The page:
If you would like to sponsor an oneg, bimah flowers, mitzvah baskets or the Saturday morning Kiddush in honor of a special occasion, birthday, anniversary, or yahrzeit, please click here or contact Randi Butterworth, Clergy Assistant, in the Temple Shalom office at 239-455-3030.
The Torah commands us to circumcise our newborn sons on the eight day of their new lives. This powerful ceremony celebrates new life, and also brings our sons into Judaism’s sacred covenant. Rabbi Miller or Cantor Azu can put you in touch with a Mohel (ritual circumciser), help the parents understand the ceremony, and co-officiate, along with the Mohel.
Baby Naming/Simchat Bat
We celebrate the great blessing of a newborn daughter with a ceremony that brings her into the covenant, and confers upon her a Hebrew name. Rabbi Miller or Cantor Azu can help you think through and design this ceremony, which can take place either at home, or at the synagogue, on a Shabbat, or any day the Torah is read (Monday, Thursday, Festivals, Rosh Chodesh).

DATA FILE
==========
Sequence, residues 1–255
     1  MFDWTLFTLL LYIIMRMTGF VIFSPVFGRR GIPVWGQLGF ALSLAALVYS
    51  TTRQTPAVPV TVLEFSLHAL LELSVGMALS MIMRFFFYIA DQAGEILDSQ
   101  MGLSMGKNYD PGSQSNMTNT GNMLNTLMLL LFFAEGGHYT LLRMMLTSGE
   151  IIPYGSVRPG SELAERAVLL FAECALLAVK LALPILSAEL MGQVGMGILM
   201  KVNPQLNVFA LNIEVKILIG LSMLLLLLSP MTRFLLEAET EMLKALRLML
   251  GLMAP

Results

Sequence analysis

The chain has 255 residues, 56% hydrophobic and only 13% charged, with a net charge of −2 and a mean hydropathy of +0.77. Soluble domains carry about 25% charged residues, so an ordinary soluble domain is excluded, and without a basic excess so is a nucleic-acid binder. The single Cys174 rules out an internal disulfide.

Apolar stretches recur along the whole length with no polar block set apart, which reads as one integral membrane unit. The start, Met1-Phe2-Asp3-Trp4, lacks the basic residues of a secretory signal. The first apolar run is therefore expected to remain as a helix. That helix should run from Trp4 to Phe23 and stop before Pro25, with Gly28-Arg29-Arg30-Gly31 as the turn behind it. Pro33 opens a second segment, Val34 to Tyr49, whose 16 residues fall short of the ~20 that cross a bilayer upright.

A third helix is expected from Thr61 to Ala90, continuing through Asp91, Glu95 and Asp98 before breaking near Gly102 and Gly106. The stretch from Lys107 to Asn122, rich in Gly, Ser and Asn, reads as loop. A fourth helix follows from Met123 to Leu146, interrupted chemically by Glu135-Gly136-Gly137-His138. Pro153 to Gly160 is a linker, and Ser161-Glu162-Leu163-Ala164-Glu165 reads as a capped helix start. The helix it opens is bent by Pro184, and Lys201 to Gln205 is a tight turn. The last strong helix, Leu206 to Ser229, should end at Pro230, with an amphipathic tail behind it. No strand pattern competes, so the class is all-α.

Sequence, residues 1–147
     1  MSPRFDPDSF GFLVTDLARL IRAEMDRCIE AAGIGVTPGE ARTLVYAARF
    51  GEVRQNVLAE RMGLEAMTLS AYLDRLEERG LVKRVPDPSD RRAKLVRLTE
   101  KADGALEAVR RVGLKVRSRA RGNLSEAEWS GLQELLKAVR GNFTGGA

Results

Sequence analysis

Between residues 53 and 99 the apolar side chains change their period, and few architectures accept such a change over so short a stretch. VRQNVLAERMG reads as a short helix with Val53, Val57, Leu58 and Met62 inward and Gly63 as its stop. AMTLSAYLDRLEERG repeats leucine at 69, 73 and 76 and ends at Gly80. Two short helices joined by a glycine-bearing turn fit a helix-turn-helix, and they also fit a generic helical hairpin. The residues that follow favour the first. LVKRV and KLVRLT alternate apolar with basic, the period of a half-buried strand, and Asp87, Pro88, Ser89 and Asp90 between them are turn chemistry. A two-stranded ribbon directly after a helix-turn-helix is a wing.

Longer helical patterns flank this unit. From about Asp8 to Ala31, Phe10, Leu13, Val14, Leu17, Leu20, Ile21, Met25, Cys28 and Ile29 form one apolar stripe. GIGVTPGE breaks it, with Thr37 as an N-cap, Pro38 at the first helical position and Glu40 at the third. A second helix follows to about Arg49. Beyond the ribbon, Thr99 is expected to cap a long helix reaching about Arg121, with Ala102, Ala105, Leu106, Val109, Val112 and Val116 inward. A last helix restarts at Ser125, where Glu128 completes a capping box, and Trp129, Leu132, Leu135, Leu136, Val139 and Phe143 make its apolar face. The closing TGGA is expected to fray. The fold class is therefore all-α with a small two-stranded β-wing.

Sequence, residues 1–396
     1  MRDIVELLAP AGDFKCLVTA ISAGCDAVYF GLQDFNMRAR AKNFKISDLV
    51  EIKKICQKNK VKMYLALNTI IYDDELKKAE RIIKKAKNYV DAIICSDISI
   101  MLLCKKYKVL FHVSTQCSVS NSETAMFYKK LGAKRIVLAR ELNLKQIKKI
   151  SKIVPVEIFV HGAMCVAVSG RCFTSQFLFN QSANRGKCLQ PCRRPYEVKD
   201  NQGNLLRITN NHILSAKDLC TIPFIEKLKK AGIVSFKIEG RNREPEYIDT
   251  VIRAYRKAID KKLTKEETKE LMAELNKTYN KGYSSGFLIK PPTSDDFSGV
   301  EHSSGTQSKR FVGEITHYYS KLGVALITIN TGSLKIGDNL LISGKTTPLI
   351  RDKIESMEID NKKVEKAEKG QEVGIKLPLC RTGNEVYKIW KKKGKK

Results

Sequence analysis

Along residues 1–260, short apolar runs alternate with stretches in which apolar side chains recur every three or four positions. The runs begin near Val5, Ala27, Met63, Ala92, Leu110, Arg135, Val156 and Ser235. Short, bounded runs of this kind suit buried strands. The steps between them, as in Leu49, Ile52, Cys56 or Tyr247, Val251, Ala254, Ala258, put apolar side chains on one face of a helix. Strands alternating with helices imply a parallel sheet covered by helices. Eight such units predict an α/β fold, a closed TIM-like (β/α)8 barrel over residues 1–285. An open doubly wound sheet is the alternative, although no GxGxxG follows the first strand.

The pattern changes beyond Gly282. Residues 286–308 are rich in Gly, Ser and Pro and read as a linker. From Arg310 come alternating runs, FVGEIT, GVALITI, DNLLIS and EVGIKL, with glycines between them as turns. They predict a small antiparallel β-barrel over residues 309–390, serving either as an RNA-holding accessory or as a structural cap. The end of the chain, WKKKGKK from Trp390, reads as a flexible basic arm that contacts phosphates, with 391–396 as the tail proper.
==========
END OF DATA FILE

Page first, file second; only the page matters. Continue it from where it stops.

Bar/Bat Mitzvah students are moving from childhood to adulthood, from learning to be responsible to being responsible. As son or daughter of the commandments, you commit yourself to proud membership in our ancient people.
Rabbi Miller or Cantor Azu can help you prepare for this wonderful, joyous occasion, by teaching bride and groom the meaning of the ceremony, from Ketubah (marriage document), to Kiddushin (Engagement), to Huppah (Marriage Canopy), to Nissuin (marriage ceremony), to breaking the glass. We also counsel you, offering Jewish wisdom in preparation for a life dedicated to love and companionship. We also work with you in designing the ceremony, providing our knowledge and experience.
Our tradition offers several powerful end of life rituals – Kriah (tearing of a garment), Levayah (funeral procession), Hesped (eulogy), Kevurah (burial) and Shivah (seven days of mourning). Rabbi Miller and Cantor Azu will instruct you on these and other rituals. We can also perform the funeral ceremony, and help you understand and implement other meaningful Jewish mourning practices.